procmail
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## stochastic spam detection

2001-06-04 22:18:06
```Attached is a ~/.procmailrc fragment that evaluates e-mail header
construction of e-mail messages to determine the probability that an
e-mail message is spam.

The numbers were derived by analyzing two large e-mail repositories;
one containing only spam, the other containing only non-spam. Let A be
the number of messages in the spam archive that have a certain header
characteristic divided by the total number of messages in the spam
archive, and B be the number of messages in the non-spam archive that
have the same characteristic divided by the total number of messages
in the non-spam archive. (A is the likelihood of a spam message
containing the characteristic, and B is the likelihood of a false
positive.)

Do this for many characteristics, dividing A by B, and picking the
half dozen, or so, largest values to determine which characteristics
will be used.

Use the negative of the natural logarithm of B in the attached recipe.

Example:

For a spam archive, of 1000 messages, where 600 have a common
characteristic; A = 600 / 1000 = 0.6.

For a non-spam archive, of 2000 messages, where 2 have the same
common characteristic; B = 2 / 2000 = 0.001.

A / B = 0.6 / 0.001 = 600. If 600 is larger than any other A / B
values for the half dozen other characteristics, then one of the
other characteristics should be replaced with this one.

The value used in the recipe would be ln (B) = ln (0.001) =
-6.90775527898:

* 6.90775527898^0 test_for_some_characteristic

which should be included in the last recipe in the attached.

The way it works is that that values, (6.90775527898 in the example,)
for each characteristic that is true for a specific message are added
together. Since the values are logarithms, this sum is a product. And,
since the values represent probabilities of false positives, the
chances of a total false positive are reduced with each true
characteristic, significantly, (assuming the characteristics are
statistically independent.)

Note that no single characteristic (orbs, etc.,) is capable of
generating a false positive, resulting in an inappropriately trashed
message.

It turns out to be about 70-85 percent effective, (but one can tinker
with the sigma limits, and probably tweek a little more out of it.)

The characteristics used in the attached recipe require:

1) A sendmail.cf, (or equivalent,) configuration that puts
"... (unknown ...  in a "Received: " record if RDNS fails
for the HELO.

2) Some method of verifying whether the IP address contained in a
"Received: " record is a black listed host. (I used,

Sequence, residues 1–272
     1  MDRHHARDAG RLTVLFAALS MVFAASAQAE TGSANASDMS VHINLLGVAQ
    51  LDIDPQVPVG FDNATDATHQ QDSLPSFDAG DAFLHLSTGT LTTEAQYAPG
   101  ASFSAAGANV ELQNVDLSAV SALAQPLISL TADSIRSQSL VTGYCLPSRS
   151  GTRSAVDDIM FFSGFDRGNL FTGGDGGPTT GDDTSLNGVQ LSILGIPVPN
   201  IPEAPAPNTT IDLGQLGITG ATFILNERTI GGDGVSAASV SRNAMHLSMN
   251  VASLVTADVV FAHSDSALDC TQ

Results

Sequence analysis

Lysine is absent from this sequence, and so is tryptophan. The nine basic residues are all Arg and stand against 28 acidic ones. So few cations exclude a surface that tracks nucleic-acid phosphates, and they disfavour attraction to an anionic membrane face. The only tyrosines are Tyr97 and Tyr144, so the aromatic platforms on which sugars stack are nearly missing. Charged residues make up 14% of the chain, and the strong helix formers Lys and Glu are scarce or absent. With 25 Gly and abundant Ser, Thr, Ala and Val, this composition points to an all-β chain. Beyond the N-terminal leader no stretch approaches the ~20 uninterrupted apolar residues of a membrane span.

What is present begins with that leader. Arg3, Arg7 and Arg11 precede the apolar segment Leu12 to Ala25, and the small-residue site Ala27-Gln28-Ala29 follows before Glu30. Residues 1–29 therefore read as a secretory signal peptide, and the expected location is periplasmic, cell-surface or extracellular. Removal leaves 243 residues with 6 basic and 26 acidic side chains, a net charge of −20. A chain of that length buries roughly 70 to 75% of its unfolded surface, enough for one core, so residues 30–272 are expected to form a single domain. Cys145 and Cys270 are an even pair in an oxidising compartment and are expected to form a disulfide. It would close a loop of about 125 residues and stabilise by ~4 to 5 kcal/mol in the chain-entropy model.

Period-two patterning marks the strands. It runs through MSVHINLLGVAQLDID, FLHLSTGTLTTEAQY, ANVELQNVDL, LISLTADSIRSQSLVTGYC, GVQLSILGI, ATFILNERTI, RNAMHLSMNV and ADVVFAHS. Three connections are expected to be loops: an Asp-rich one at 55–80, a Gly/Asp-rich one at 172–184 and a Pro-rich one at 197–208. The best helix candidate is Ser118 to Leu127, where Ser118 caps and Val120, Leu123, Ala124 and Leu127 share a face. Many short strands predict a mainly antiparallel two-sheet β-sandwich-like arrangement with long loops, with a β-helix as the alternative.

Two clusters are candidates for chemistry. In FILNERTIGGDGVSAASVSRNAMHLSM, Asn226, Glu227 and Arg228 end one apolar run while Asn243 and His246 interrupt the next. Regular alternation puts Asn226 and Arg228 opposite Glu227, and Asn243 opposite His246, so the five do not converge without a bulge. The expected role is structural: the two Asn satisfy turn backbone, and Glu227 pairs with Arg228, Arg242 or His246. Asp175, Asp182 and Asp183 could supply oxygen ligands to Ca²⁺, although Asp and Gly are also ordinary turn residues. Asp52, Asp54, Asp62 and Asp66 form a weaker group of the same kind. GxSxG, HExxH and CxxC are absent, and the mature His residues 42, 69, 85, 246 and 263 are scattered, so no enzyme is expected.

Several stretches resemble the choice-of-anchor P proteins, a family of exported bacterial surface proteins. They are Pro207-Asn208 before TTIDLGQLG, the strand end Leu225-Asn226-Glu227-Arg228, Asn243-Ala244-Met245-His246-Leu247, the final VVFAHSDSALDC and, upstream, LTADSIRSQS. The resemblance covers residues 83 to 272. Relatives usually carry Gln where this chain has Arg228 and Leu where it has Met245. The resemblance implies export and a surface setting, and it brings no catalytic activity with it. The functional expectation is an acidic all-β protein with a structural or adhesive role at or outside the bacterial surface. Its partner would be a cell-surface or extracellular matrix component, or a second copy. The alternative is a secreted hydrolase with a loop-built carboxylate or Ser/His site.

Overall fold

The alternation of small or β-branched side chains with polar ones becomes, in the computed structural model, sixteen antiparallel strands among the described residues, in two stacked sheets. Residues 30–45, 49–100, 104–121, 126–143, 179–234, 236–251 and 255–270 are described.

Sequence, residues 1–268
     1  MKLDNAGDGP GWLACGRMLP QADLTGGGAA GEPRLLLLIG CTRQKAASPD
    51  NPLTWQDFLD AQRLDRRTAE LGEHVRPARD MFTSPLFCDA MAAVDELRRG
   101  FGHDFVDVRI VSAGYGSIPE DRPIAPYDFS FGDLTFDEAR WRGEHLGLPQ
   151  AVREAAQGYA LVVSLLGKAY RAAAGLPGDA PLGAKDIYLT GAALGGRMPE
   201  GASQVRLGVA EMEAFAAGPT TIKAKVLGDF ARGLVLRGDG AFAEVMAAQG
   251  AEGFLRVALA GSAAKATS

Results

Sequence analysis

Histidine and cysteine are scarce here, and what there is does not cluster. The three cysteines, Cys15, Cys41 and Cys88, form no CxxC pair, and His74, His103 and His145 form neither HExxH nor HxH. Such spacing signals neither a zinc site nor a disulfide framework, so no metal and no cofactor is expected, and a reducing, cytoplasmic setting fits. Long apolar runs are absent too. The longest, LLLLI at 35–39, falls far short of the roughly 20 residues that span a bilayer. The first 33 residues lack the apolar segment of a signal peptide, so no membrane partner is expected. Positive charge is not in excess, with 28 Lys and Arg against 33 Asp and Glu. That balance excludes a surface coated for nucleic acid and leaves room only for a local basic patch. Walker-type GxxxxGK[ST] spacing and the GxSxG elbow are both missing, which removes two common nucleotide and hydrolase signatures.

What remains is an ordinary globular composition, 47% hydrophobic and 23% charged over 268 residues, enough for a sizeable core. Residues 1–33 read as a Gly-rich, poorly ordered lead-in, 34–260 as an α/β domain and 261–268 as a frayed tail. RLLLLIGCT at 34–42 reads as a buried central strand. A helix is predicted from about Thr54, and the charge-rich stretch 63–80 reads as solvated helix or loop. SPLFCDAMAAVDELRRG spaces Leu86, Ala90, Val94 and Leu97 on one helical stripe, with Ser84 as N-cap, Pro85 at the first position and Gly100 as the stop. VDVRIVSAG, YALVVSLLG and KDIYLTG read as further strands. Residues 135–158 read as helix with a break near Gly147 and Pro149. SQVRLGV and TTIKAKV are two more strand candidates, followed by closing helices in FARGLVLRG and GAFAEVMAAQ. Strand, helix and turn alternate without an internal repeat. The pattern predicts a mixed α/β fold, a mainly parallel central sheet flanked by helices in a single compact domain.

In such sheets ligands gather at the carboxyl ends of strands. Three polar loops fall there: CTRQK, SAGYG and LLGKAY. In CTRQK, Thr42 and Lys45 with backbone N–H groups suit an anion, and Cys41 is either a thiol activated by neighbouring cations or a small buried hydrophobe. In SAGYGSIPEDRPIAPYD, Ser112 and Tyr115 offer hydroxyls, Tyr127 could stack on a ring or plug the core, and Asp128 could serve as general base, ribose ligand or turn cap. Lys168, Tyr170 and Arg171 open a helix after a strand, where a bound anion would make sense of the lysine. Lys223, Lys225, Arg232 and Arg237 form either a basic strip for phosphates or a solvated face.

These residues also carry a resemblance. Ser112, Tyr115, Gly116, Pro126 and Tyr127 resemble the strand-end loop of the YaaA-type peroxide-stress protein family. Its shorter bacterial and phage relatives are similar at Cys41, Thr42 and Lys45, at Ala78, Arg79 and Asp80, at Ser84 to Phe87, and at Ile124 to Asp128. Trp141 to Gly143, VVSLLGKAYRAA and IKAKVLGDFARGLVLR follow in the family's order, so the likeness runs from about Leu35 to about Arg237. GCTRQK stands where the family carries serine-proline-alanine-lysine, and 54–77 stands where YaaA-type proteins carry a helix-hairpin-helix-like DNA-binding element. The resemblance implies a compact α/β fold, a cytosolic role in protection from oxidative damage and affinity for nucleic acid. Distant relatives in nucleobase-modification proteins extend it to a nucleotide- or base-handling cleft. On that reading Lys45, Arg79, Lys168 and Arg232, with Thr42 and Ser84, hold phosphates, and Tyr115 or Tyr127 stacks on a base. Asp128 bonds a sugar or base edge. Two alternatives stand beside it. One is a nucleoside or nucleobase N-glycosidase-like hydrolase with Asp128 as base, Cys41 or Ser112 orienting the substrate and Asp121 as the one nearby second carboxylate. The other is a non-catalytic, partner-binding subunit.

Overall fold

rblcheck(1), etc., can be used just as well.)

3) The name of your smtp host, somesmtpserverdomain.com.

but can be modified to suit.

John
--

John Conover   conover(_at_)email(_dot_)rahul(_dot_)net
http://www.johncon.com/

######################################################################
#
# Save the trusted return address.
#
:0 whc
SENDER=| formail -rtzx To:
#
# Save the machine generated return address.
#
:0 whc
FROM=| formail -rzx To:
#
# If the IP address in any "Received: " record is black listed, set
# ORBS to 1, else 0.
#
# (Note: this uses the off line black list from:
# method to set ORBS 1 if black listed, 0 if not, like rblcheck(1),
# etc.)
#
ORBS="0"
#
:0
* ? test -f "\${HOME}/.procmail.reject"
{
ORBS="1"
}
#
# If the smtp server had to generate the "Message-Id: " record, and the
# message is not from someone in the smtp server's domain, set
# MSGIDGENERATED to 1, else 0.
#
MSGIDGENERATED="0"
#
:0
* -3^0
* 2^0 ^message-id:.*somesmtpserverdomain\.com
{
MSGIDGENERATED="1"
}
#
#
:0
* 6.35899699817^0 !^to:
* 2.31011481332^0 !^(to|cc):(_dot_)*someone(_at_)somedomain\(_dot_)com
* 6.07131492861^0 ? test \${ORBS} != "0"
* 7.45760928973^0 ? test \${SENDER} != \${FROM}
* 3.87409035224^0 ? test \${MSGIDGENERATED} != "0"
{
#
# Sigma values:
#
# 1.84102164502 = ln (1 sigma false positive), 1 in 6.30297437513
# 3.78318433404 = ln (2 sigma false positive), 1 in 43.9557890318
# 6.60772622151 = ln (3 sigma false positive), 1 in 740.796695584
# 10.3601014878 = ln (4 sigma false positive), 1 in 31,574.3873622
# 15.0649983951 = ln (5 sigma false positive), 1 in 3,488,555.79111
#
# Greater than 5 sigma chance of false positive can be safely
# trashed. Raising the value from 5 sigma to 4 sigma increases
# spam rejection, at the risk of false positives.
#
:0
* -15.0649983951^0
/dev/null
#
# Greater than 1 sigma chance of false positive, but less than 5
# sigma, is filed in the junk folder for evaluation; less than 1
# sigma has a significant probability of being non-spam. Raising
# the value from 1 sigma to 0 increases spam rejection, at the
# risk of false positives, which will be filed in the junk folder.
# Decreasing the value to 2 sigma increases the risk of false
# negatives, which will be passed.
#
:0:
* -1.84102164502^0